by Karen Brune Mathis
Do you think the world is against you? Or do you take on the world?
Your answer determines your future, or at least your satisfaction with life.
Leadership development auth-or, trainer and consultant Hal Resnick will talk tonight about how human emotions affect personal and organizational success.
His presentation is part of the University of North Florida Distinguished Voices Lecture series. It starts at 7 p.m. at the UNF University Center. It’s free, but tickets are required and are available at unf.edu/lectures.
Resnick spent 30 years in organizational development and training. Major clients included EverBank, Wachovia, The Haskell Co., Lockheed Martin and Shell Oil, among others.
Resnick wants to talk about the answers to the question: What causes us to go in one psychological direction or another?
He calls it “the locus of control,” which was put forth in 1954 by American psychologist Julian Rotter.
Resnick contends such a locus, or center, of control offers two possibilities to people.
On one end, “there are people with an external orientation toward life.”
“They say they do not have control over their lives. They are victims of things that happen to them. When bad things happen, they call it fate. When good things happen, they call it luck. They are not responsible for what happens to them,” he said.
On the other end are those with an “internal locus of control.”
“They believe they have the ability to control or to significantly influence what happens to them in their lives. They take responsibility for themselves, their actions and the consequences of those actions,” said Resnick.
As an example, Resnick talks about the student who receives a poor test grade.
If externally oriented, the student blames the teacher for not liking him or her, blames the parents, and says other factors led to the performance.
“They take no responsibility,” he said.
However, the student with an internal focus responds differently.
“The student says, ‘I need to study harder. I need to pay more attention. I didn’t prepare properly for that test,’” he said.
The ultimate grade, said Resnick, is that externally focused people tend to more pessimistic over the long haul.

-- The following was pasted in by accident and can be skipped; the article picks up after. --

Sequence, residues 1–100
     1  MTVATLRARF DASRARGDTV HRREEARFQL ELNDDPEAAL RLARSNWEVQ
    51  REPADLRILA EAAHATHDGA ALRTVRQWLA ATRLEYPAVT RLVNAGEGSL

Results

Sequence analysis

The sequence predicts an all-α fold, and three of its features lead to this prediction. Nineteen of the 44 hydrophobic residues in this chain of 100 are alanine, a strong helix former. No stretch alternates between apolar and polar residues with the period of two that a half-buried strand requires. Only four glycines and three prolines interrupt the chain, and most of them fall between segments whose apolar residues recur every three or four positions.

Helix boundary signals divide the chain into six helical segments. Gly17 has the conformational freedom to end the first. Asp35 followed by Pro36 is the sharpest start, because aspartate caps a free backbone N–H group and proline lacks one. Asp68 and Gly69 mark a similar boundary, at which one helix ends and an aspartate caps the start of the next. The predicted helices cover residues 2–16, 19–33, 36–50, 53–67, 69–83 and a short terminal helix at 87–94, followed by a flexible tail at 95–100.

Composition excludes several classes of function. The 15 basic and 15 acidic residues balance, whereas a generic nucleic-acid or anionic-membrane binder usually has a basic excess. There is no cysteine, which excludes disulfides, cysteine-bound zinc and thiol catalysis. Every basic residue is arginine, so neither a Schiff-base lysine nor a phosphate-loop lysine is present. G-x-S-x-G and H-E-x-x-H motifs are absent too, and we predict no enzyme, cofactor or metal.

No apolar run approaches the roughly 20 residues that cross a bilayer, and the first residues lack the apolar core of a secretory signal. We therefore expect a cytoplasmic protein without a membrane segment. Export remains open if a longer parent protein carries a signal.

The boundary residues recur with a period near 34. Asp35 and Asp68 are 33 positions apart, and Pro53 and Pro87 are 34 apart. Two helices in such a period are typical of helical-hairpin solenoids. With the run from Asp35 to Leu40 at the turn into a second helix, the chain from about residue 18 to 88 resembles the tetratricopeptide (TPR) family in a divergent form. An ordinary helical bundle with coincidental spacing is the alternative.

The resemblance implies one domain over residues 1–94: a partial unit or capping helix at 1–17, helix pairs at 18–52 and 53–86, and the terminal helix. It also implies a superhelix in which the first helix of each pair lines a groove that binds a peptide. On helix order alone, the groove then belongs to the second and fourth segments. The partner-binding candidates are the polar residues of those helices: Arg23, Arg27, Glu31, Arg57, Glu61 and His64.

“They tend to accomplish less in life and they tend to be much less happy with what they do and do not have,” he said.
The internally focused people are the opposite.
“They tend to be more optimistic. They set higher goals. They accomplish more and they tend to be happier with who they are and what they have,” he said.
Resnick said he will talk about how to motivate the two groups, especially in the work force.
Externally focused people respond more to the carrot-or-stick approach he said, while the internally focused respond more to recognition and opportunities.
“You want to recognize them for their contributions,” he said.
Managers might be interested to know that most people are internally oriented. However, supervisors must deal with the externally oriented workers.
“It is important that we have the courage with those who are externally oriented to be clear about the consequences of an external orientation, to help those people understand they are responsible for their own actions and to address the consequences,” said Resnick.
Don’t ignore them, he said.
“I have seen people who are clearly underperforming and whose attitude creates a negative work environment for others around them, generating ill will and resentment by those who are performing,” he said, including against the managers “who lack the courage to address the issue.”
“We have to both address the poor-performance issue directly and continue to recognize and encourage the vast majority of folks who want to achieve, in spite of difficult conditions,” he said.
Resnick, citing Rotter, said that research in the area of internality versus externality, with 0 being completely internal and 23 being completely external, found that the average range among Americans is 7-9.
Resnick said people are not “genetically wired” one way or the other, but develop an external versus internal focus in the environment in which they grow up.
Resnick’s experience includes having been a university professor, including serving at Boston University, Temple University and Wayne State University.
He also was the director of organizational development for the Raytheon Data Systems Co. He and his wife, Barbara, live in Ponte Vedra Beach.
In 2009, he started a partnership with the UNF Division of Continuing Education to offer executive development programs.
Resnick said he wants to leave people with a twofold message at the UNF lecture tonight.
One, when motivating people, it is important to know their focus, internal or external, and to manage accordingly.
Two, it is important to help externally oriented people “to develop more of an understanding that they are, in fact, responsible for their own lives and can empower themselves.”
Doing so, he said, will help them achieve more and “become more optimistic and be happier with their lives.”
He likened it to a batter’s slump.
“The batter who is in a slump has no less talent than before the slump, but something has happened and he has convinced himself he can’t hit,” said Resnick.
“You take that batter and you start to pitch easy balls so he hits them over the fence time and time again. You start pitching harder, he keeps hitting. You are building competence and confidence,” he said.
Yet, he said there are also people who are “professional victims.”
“At a certain point, you throw up your hands and walk away. They go through life unhappy and pessimistic. They achieve less and complain about it,” he said.
And, he said, “you hope these people never become your boss.”